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Andrew Grundstein and John Dowd

Abstract

Biometeorological indices, such as the apparent temperature, are widely used in studies of heat-related mortality to quantify the human sensation to the environmental conditions. Increases in the frequency of environmentally stressful days as indicated by biometeorological indices may augment the risk for heat-related morbidity and mortality. This study examines trends in the frequency of days with extreme maximum and minimum apparent temperatures across the United States for 1949–2010. An increase in occurrence of 1-day extreme minimum apparent temperatures is particularly notable, especially in the eastern and western United States, with 44% of stations exhibiting positive trends. About 20% of stations have positive trends in 1-day extreme maximum apparent temperature, mostly in the western United States. The median trend for both 1-day extreme maximum and minimum apparent temperature is approximately 2 days per 10 yr, indicating that by 2010 there were 12 more days with extreme apparent temperatures than there were in 1949. Few stations with trends in 4-day extreme minimum or maximum apparent temperatures were noted. An important finding is that there has been a 53% increase in stations with positive trends in 1-day extreme minimum apparent temperatures and a 63% increase in stations with positive trends in 1-day extreme maximum apparent temperatures since a similar study by Gaffen and Ross was conducted using the period 1949–95. Although there is a clear increase in the hazard for days with extreme apparent temperatures, changes in health outcomes are modulated by factors, such as the age of the population and access to air conditioning, that affect social vulnerability.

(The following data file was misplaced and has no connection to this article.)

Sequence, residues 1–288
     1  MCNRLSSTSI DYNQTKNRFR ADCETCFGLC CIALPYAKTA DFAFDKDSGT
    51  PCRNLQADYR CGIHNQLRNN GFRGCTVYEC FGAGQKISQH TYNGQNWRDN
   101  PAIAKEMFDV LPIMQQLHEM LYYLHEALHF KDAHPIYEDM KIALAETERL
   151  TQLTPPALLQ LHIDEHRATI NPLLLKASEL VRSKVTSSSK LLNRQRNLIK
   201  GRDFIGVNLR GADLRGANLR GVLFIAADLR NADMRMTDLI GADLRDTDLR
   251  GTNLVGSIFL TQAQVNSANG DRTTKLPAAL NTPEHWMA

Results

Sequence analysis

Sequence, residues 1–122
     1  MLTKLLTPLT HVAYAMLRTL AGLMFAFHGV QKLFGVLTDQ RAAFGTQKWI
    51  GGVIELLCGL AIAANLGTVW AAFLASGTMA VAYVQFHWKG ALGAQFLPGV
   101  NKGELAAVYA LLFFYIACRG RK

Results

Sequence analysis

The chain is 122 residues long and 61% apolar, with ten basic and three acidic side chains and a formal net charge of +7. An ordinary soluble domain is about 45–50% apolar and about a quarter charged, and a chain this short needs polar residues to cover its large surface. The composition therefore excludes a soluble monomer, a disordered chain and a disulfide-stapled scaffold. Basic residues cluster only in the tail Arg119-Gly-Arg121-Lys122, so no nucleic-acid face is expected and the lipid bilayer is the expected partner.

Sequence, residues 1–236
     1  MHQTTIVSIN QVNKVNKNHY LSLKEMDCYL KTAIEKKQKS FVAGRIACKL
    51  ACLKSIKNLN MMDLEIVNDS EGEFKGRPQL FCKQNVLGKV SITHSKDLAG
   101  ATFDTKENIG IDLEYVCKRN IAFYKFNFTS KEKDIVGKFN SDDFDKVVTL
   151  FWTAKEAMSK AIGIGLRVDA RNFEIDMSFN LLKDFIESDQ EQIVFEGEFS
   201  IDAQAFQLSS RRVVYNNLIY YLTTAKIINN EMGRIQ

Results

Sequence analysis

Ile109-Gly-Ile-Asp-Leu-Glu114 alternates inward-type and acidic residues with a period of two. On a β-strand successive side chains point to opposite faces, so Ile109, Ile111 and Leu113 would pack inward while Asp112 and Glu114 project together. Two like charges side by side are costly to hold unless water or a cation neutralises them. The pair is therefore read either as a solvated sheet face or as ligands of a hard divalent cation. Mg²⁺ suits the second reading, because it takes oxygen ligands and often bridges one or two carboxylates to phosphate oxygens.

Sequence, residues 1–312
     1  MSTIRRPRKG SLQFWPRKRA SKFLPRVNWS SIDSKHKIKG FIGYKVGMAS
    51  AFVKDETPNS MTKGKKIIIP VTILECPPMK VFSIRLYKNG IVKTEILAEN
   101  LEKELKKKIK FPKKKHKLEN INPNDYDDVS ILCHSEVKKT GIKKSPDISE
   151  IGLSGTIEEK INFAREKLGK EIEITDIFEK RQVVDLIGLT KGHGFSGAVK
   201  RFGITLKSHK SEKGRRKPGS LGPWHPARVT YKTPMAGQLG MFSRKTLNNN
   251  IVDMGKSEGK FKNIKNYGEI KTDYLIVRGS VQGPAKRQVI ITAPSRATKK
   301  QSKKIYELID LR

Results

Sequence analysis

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Andrew Grundstein, John Dowd, and Vernon Meentemeyer

Thirty-seven children on average die each year in the United States from vehicle-related hyperthermia. In many cases, the parent or caregiver intentionally left the child unattended in the car, unaware of how quickly temperatures may reach deadly levels. To better quantify how quickly temperatures may increase within a car, maximum rates of temperature change were computed from data collected on 14 clear days in Athens, Georgia. Also, a human thermal exchange model was used in a case study to investigate the influence of different meteorological factors on the heat stress of a child in a hot vehicle. Results indicate that a car may heat up by approximately 4°C in 5 min, 7°C in 10 min, 16°C in 30 min, and 26°C in 60 min. Within the vehicle, the dominant energy transfers toward the child are via longwave radiation and conduction from the hot interior surfaces of the car. Modeling simulations show that sun exposure and high-humidity conditions further increase the heat stress on the child but that a negative feedback involving evaporated perspiration reduces the influence of variations in humidity on net heat storage. Last, a table of vehicle temperature changes is included that may help public officials and the media communicate the dangers of vehicle-related hyperthermia in children.